AUGUSTA, Maine (NEWS CENTER) - In Augusta on Friday, the buzz was all about the budget---and whether there could be a shutdown of state government.
Governor LePage will apparently take this weekend to finish looking over the proposed two-year state budget and is expected to issue his veto Monday or Tuesday, which is the deadline for him to act. The Governor has made it clear he does not support the $178 million in tax increases in the budget passed by the Legislature.
Once a veto is issued, the Legislature will have to decide whether to override the veto and pass the budget into law. If they don't, there would be just four days left in which to pass a new budget. If lawmakers and the Governor are not able to pass a budget by the end of the month, state government will have no money to operate and would need to shut down July 1.
On Thursday, the Governor announced his own plan--- pass a temporary, sixty-day budget, similar to Congressional "continuing resolutions", to give him time to work out a deal with the Democrats.
But Attorney General Janet Mills says that would be unconstitutional. Mills told NEWS CENTER On Friday "Five different attorneys general have dealt with this issue over twenty years. They've all said, Republican and Democrat, they've all said you can't do this."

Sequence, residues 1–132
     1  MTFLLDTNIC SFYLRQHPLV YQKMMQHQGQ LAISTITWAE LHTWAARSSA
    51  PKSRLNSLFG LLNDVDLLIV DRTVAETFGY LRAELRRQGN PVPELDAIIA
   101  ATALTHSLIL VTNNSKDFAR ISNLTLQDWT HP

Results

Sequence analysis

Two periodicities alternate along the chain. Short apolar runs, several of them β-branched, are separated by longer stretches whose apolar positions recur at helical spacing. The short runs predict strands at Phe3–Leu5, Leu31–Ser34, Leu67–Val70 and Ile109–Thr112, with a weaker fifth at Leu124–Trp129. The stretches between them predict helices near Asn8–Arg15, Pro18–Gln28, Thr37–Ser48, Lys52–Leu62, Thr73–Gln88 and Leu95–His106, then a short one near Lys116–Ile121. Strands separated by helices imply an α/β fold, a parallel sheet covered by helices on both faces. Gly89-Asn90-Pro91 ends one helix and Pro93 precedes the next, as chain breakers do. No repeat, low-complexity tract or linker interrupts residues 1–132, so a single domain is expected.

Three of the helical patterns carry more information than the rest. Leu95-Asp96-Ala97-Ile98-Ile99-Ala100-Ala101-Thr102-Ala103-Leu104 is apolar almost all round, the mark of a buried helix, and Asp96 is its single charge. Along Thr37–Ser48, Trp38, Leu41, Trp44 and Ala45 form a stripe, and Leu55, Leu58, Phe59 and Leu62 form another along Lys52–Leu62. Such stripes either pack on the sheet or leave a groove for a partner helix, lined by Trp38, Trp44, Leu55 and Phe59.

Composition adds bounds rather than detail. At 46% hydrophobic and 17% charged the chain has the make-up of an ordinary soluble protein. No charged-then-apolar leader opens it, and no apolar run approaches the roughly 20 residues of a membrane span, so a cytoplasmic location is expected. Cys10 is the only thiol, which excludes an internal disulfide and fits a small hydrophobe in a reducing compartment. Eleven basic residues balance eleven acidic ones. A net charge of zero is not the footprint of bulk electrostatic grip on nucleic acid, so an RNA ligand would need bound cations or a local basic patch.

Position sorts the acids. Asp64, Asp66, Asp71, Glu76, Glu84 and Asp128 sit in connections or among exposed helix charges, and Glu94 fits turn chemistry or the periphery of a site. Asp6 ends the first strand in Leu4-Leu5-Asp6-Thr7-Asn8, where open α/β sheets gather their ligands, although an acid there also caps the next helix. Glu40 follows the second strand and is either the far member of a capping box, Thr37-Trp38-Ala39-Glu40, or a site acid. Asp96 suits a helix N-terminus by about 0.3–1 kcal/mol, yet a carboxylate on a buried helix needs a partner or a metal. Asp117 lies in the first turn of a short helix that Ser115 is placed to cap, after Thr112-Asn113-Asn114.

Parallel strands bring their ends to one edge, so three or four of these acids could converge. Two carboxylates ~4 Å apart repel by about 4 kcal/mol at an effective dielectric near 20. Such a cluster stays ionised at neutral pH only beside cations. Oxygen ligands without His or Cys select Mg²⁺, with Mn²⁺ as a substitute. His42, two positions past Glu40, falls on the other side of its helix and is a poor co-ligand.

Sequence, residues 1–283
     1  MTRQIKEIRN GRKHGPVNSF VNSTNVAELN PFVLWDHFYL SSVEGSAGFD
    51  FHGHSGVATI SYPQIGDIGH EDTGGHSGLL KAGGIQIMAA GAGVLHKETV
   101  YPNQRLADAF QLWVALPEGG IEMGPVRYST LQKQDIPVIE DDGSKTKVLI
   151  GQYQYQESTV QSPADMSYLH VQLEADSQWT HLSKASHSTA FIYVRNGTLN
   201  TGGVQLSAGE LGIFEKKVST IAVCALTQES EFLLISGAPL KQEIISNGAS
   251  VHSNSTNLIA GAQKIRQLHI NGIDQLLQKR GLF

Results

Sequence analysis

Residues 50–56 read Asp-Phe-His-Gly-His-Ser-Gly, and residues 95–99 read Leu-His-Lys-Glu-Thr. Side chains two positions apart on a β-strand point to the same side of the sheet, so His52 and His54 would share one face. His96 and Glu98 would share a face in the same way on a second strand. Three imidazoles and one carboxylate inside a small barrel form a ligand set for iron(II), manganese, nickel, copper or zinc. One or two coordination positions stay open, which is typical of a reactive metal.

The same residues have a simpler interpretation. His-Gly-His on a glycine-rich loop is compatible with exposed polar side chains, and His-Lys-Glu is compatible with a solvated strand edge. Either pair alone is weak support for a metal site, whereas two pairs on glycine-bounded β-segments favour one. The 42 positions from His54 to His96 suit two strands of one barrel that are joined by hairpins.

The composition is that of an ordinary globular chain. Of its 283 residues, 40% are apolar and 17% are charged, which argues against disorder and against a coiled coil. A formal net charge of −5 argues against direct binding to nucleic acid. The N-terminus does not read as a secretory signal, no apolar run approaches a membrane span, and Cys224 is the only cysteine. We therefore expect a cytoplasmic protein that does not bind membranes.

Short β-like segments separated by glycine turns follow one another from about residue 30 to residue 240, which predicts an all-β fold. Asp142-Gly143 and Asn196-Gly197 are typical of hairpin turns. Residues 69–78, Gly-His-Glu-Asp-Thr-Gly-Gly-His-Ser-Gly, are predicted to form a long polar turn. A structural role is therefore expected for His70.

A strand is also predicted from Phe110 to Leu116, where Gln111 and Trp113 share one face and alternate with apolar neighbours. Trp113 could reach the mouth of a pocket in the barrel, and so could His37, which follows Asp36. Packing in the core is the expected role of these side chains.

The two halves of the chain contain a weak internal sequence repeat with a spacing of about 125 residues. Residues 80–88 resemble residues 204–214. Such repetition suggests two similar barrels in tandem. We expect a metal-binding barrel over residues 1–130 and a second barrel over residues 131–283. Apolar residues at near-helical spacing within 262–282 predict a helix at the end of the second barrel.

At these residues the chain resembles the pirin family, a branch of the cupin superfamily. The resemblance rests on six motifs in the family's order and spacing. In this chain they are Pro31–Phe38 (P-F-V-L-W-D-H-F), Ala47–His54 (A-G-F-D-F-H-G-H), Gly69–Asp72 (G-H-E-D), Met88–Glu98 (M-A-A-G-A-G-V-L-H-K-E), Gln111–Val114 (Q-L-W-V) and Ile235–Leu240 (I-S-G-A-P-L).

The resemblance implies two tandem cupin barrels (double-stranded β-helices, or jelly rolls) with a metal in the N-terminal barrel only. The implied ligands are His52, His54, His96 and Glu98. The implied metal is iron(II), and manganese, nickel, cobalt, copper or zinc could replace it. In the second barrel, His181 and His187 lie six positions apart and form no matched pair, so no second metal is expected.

But the Governor's chief legal counsel Michael Cianchette disagrees. Cianchette says the Constitution does allow for a temporary budget. "when the legislature acts and the governor signs, the law can change," says Cianchette. "So she's correct insofar as what's currently on the books. But if the Legislature has interest in changing it can happen."
With that doubt over the legality of the budget extension idea, legislators will convene Wednesday to vote on the veto. When the budget passed last week, it barely received the needed two-thirds majority vote.
That included more than 20 Republicans in the House and 5 in the Senate. Budget supporters will need to keep nearly all those votes if they are going to override the veto. Previous legislatures have gone to the brink with budget votes, but they have always passed in time - except for 1991. That year, a battle over workers compensation costs led to a budget impasse and a three week shutdown of state government.